Jamaica could struggle to be ready for the 2007 World Cup next March, as the redevelopment of Sabina Park in Kingston continues to drag on beyond its scheduled completion date.
Already it seems probable that two one-day internationals against India in May and the fourth Test from June 30 to July 4 will have to be relocated, after a national cement shortage caused the US$29 million renovation project to fall behind schedule.
A press release from Jamaica Cricket confirmed the dire situation. "Based on their current level of mobilisation, staffing, hours of working etc," read the statement, "the schedule is showing a completion date of February 2007."
Jamaica's first World Cup fixture is scheduled for March 13, 2007, when West Indies take on Pakistan. But should the cement crisis deepen, manpower issues further affect the construction, or a change of design be required, then that deadline may also prove hard to meet.
Speaking to Cricinfo, a spokeswoman for Jamaica Cricket was adamant that the situation was under control, insisting that the India matches would go ahead as planned. Given the conditions, however, they would not be using these events to test the World Cup procedures as had previously been contemplated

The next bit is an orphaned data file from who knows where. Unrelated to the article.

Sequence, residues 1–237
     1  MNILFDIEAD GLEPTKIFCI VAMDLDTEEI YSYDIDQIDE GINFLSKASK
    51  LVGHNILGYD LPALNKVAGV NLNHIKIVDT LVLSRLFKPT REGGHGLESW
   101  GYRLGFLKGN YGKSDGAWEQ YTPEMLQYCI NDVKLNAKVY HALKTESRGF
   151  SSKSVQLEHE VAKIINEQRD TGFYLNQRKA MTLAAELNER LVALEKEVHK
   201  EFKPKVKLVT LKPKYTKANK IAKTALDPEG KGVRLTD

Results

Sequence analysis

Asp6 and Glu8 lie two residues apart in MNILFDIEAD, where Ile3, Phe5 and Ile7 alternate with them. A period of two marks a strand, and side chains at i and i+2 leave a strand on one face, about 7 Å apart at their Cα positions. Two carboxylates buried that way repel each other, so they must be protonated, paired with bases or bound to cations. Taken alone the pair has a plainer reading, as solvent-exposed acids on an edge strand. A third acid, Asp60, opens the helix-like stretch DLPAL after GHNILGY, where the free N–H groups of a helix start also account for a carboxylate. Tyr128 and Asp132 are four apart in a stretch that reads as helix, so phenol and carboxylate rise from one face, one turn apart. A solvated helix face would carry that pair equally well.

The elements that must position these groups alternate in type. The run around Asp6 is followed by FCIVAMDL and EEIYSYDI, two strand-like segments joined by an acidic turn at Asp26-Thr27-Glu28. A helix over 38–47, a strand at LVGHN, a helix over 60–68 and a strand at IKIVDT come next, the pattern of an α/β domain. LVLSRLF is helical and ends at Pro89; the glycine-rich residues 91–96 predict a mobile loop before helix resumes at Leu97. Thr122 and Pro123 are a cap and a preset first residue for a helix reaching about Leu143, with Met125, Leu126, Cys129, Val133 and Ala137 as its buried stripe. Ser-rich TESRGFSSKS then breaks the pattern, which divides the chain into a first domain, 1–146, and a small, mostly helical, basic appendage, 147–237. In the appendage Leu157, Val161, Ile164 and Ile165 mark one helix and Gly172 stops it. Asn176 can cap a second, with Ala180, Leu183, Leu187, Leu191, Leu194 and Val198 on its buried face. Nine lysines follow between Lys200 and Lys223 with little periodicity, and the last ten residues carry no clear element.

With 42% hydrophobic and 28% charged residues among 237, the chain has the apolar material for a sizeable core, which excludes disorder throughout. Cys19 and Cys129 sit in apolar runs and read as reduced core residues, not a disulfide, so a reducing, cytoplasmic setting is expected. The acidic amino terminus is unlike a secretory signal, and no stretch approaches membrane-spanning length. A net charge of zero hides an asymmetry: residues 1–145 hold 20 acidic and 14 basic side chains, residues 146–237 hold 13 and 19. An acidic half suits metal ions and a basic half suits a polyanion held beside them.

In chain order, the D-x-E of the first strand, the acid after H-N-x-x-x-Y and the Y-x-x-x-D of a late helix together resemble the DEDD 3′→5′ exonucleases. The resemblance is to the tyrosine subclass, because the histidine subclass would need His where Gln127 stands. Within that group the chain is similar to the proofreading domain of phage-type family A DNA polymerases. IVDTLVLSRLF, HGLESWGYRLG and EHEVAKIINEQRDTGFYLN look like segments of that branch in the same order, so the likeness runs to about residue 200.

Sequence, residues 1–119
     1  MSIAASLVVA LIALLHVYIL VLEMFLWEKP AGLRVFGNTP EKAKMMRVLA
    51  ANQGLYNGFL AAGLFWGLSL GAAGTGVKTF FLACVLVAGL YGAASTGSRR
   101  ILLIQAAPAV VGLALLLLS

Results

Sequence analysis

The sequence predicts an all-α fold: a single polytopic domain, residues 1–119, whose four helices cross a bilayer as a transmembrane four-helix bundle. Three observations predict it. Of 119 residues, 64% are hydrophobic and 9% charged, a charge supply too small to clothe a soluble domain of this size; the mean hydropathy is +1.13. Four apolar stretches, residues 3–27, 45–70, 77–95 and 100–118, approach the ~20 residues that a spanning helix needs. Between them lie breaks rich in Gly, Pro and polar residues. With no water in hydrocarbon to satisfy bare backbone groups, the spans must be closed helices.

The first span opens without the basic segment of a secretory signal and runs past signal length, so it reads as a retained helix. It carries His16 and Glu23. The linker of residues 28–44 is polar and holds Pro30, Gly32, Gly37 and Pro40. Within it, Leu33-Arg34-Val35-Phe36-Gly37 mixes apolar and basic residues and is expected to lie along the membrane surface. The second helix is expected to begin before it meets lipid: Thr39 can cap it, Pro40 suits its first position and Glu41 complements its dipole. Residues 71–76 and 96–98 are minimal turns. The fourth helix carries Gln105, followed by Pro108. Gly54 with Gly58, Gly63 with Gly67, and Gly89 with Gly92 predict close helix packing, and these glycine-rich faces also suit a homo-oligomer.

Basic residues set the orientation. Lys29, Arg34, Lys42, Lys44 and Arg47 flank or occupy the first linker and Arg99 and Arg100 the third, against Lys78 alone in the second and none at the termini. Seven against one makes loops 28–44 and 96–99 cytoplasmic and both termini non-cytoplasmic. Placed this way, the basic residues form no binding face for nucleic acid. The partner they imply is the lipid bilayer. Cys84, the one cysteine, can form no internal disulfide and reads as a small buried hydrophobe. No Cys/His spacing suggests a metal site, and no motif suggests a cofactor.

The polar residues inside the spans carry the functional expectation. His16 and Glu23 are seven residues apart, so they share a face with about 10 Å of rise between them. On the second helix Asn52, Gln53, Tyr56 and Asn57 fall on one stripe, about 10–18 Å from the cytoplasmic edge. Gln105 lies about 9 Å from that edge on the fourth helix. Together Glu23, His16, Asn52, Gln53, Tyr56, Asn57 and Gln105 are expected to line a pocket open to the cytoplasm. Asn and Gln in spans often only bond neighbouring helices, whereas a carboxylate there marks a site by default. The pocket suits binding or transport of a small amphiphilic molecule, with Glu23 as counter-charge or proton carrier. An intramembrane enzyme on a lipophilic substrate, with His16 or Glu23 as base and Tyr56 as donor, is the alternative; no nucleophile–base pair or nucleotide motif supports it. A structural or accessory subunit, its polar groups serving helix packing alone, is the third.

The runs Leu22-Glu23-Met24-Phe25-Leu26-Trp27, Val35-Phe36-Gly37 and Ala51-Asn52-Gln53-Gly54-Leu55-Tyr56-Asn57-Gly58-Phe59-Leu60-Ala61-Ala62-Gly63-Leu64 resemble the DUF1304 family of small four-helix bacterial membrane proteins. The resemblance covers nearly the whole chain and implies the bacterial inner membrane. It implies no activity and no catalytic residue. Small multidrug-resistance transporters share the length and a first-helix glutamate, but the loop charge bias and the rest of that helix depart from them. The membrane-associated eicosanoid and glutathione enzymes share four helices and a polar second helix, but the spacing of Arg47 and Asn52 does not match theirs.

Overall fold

JC2007's optimism ran contrary to the advice from ASHTROM, the construction company in charge of the project, who had advised it would "no longer be possible" to deliver on the North Stand, where the players, officials and TV gantries were to be situated. Furthermore, ASHTROM had advised that any delay for an international fixture would jeopardise the deadline of February 2007.
Responding to the latest forecasts from ASHTROM, the board of directors of JC2007 were understandably alarmed by the developments, and expressed their "very low level of confidence ... in the commitment of ASHTROM to completing the project." The company has been given six days to submit their long-overdue construction schedule, and will also be required to deliver a fortnightly progress report.
The on-going situation is a further embarrassment for the reputation of Jamaican cricket, which suffered a massive blow back in March 1998 when the first Test against England had to be abandoned because of a dangerously substandard pitch. That incident, however, will pale into insignificance if this saga drags on all the way to the start of the World Cup.